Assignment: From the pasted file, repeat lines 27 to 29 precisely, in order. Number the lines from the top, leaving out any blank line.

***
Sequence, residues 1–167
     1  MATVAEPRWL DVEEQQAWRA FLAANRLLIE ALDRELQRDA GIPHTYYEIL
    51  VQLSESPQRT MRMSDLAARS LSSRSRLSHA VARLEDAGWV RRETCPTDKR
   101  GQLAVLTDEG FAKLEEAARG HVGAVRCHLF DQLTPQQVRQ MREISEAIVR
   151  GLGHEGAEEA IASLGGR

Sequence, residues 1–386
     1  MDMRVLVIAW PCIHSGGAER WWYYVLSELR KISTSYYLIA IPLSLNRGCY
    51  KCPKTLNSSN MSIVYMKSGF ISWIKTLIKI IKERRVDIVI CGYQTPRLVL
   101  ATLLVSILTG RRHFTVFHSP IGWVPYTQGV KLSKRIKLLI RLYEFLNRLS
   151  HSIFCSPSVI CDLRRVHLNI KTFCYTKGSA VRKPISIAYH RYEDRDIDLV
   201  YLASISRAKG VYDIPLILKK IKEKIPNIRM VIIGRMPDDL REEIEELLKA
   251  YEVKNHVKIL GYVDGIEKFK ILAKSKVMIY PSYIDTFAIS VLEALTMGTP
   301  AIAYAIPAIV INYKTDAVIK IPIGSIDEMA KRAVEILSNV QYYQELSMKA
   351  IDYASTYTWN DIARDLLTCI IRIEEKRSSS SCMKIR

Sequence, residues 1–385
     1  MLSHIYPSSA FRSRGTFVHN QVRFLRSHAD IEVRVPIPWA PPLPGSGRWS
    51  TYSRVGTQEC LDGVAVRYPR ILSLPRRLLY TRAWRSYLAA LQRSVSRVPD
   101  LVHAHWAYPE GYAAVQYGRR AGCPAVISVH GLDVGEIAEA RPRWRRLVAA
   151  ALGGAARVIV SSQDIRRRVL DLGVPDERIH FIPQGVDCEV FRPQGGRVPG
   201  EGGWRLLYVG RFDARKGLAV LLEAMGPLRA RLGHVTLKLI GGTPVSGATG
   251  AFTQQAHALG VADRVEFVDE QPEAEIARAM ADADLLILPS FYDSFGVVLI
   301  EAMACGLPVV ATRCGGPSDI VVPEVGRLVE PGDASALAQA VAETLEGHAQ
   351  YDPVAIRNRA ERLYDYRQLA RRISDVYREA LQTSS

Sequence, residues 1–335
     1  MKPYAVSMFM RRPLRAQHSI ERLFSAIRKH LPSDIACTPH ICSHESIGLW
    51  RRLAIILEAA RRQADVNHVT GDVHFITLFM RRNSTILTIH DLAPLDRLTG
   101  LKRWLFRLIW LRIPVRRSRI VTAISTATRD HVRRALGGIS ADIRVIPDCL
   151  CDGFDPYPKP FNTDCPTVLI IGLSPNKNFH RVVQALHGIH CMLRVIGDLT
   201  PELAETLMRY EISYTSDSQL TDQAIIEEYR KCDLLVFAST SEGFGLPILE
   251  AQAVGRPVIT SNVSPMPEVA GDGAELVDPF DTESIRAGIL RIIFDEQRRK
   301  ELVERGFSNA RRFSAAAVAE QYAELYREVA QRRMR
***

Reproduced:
   101  LKRWLFRLIW LRIPVRRSRI VTAISTATRD HVRRALGGIS ADIRVIPDCL
   151  CDGFDPYPKP FNTDCPTVLI IGLSPNKNFH RVVQALHGIH CMLRVIGDLT
   201  PELAETLMRY EISYTSDSQL TDQAIIEEYR KCDLLVFAST SEGFGLPILE